Algae, Microalgae & Seaweed

New York’s Nea Studio Launches Chandeliers Made With Algae

Nea studio, an award-winning specialist in interior design and architecture from New York, just launched an innovative new collection featuring sconces and chandeliers made with algae.

Founded by Nina Edwards Anker in 2006, nea studio’s philosophy is guided by eco-responsibility. The studio’s newest collection is made from locally sourced marine algae that took the studio eight years to find.

Luxury Material

Algae is fast becoming a go-to luxury material used by high-end designers around the world. Especially in the interior design sector, ecologically friendly materials that can help to step back from plastics and wood contributing to pollution and deforestation, are a growing trend.

In terms of sustainability, algae is a superior choice to most conventional materials used in furniture and lighting. As a translucent and renewable material, algae meets the needs of an environmentally conscious design lover.

chandelier-made-from-algae
© nea studio

Although the project for the algae collection began in 2014, the New York studio struggled to source its raw material from a local provider. Now, eight years later, nea can source the algae from a local seafood shop in Brooklyn. “Now that the algae is so easily accessible, we continue to try out new material combinations and configurations,” says Edwards Anker.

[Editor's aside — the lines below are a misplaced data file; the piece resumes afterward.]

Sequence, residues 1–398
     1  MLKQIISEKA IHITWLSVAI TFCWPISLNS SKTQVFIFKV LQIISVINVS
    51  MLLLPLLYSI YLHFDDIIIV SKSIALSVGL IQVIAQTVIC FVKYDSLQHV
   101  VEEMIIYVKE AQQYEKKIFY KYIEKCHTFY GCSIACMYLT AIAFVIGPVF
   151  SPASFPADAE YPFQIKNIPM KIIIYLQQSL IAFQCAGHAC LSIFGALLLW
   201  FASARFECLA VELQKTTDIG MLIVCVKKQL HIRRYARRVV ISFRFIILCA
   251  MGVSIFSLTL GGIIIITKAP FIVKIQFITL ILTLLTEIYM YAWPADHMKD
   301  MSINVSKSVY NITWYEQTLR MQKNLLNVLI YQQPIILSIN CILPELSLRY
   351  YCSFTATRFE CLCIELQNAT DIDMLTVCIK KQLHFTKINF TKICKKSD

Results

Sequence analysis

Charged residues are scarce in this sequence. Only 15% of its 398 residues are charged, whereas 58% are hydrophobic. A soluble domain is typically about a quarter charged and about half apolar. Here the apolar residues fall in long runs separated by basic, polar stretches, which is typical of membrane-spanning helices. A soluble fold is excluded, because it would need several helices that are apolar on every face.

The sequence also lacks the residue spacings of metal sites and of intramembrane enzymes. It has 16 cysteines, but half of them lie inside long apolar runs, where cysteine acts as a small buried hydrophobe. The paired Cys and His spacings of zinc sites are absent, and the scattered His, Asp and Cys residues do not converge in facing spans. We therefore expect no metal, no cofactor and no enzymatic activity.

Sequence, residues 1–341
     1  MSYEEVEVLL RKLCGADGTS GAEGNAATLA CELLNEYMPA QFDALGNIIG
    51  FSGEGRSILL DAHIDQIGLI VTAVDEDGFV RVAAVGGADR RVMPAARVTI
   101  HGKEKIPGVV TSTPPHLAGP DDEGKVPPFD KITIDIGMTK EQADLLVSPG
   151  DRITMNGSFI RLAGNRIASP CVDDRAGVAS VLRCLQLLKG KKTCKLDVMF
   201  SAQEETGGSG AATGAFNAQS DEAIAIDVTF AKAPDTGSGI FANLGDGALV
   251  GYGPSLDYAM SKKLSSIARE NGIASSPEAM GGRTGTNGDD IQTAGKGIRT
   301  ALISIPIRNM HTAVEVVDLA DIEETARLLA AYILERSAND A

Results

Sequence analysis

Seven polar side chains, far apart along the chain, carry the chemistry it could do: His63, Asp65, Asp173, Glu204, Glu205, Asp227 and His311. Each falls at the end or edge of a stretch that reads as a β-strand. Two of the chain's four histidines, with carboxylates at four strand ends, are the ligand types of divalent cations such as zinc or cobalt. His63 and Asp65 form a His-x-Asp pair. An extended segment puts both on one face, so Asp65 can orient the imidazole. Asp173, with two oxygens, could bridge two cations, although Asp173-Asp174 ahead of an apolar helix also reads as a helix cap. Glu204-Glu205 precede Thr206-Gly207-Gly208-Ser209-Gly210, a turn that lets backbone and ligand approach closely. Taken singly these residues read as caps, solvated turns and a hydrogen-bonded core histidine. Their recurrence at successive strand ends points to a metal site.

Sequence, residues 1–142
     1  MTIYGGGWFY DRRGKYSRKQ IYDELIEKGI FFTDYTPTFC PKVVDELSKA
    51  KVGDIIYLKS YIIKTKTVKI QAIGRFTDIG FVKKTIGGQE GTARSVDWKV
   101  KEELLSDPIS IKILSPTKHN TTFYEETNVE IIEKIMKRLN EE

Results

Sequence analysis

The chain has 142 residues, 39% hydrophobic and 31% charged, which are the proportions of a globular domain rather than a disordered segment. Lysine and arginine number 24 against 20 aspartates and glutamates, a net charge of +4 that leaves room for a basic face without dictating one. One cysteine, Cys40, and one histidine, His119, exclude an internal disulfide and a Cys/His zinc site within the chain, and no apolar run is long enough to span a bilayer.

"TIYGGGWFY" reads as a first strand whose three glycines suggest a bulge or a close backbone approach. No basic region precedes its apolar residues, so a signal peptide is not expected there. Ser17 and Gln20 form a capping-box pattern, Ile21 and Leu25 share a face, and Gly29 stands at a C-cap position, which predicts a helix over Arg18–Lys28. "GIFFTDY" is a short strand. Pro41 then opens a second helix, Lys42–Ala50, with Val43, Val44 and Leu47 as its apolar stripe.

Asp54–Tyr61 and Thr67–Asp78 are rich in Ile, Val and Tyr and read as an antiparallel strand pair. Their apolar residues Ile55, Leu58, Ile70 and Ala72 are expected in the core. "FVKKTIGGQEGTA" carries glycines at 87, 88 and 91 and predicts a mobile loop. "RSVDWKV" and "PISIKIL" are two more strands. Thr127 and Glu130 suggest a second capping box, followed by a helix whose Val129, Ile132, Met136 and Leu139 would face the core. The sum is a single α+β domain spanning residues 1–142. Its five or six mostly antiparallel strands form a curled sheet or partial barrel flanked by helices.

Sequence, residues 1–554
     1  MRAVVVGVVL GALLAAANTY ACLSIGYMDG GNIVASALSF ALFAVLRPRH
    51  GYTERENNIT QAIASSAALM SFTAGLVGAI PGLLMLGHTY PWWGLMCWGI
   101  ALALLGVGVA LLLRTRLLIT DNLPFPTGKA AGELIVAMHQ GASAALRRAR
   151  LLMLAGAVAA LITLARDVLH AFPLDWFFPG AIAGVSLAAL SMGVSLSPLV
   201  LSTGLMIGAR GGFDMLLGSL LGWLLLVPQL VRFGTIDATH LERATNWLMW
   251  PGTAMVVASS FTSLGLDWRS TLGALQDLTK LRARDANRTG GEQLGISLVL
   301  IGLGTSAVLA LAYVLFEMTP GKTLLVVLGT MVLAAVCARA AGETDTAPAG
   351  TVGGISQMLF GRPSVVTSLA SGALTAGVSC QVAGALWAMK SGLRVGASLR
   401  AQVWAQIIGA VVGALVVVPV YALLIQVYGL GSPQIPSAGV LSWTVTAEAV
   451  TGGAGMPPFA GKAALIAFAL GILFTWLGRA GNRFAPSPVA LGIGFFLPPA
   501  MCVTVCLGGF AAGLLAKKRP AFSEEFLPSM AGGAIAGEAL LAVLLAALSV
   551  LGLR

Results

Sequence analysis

According to nea studio, translucent algae spread light across any space, while frames made of brass or bronze with a golden tone reflect the LED bulbs to create an even cozier light. As LED lighting technology advances, the color spectrum will also expand.

Commenting on the development process of the new collection, Edwards Anker says: “In an increasingly high-tech global world, I’m inspired by local organic materials with known origins, which are familiar and connect to the natural world. The idea of the lamps originated from a PhD research project about materials and light. I had been searching for biomaterials that were translucent and locally sourced to filter and soften the light of LED bulbs.”

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